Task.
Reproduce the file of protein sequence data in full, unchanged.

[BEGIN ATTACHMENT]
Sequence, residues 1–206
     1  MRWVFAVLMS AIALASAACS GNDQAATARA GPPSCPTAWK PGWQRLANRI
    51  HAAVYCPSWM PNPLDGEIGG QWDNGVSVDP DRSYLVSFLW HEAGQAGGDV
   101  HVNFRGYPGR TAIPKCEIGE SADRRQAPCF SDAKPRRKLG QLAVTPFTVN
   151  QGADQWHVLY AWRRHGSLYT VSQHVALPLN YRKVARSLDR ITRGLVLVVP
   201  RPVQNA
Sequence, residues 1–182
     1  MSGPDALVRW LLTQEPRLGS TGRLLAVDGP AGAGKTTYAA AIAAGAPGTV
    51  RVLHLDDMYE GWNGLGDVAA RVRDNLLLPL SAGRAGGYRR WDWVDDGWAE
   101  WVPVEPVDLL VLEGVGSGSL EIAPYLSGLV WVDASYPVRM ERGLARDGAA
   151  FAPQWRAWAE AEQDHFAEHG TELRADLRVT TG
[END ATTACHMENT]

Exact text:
Sequence, residues 1–206
     1  MRWVFAVLMS AIALASAACS GNDQAATARA GPPSCPTAWK PGWQRLANRI
    51  HAAVYCPSWM PNPLDGEIGG QWDNGVSVDP DRSYLVSFLW HEAGQAGGDV
   101  HVNFRGYPGR TAIPKCEIGE SADRRQAPCF SDAKPRRKLG QLAVTPFTVN
   151  QGADQWHVLY AWRRHGSLYT VSQHVALPLN YRKVARSLDR ITRGLVLVVP
   201  RPVQNA
Sequence, residues 1–182
     1  MSGPDALVRW LLTQEPRLGS TGRLLAVDGP AGAGKTTYAA AIAAGAPGTV
    51  RVLHLDDMYE GWNGLGDVAA RVRDNLLLPL SAGRAGGYRR WDWVDDGWAE
   101  WVPVEPVDLL VLEGVGSGSL EIAPYLSGLV WVDASYPVRM ERGLARDGAA
   151  FAPQWRAWAE AEQDHFAEHG TELRADLRVT TG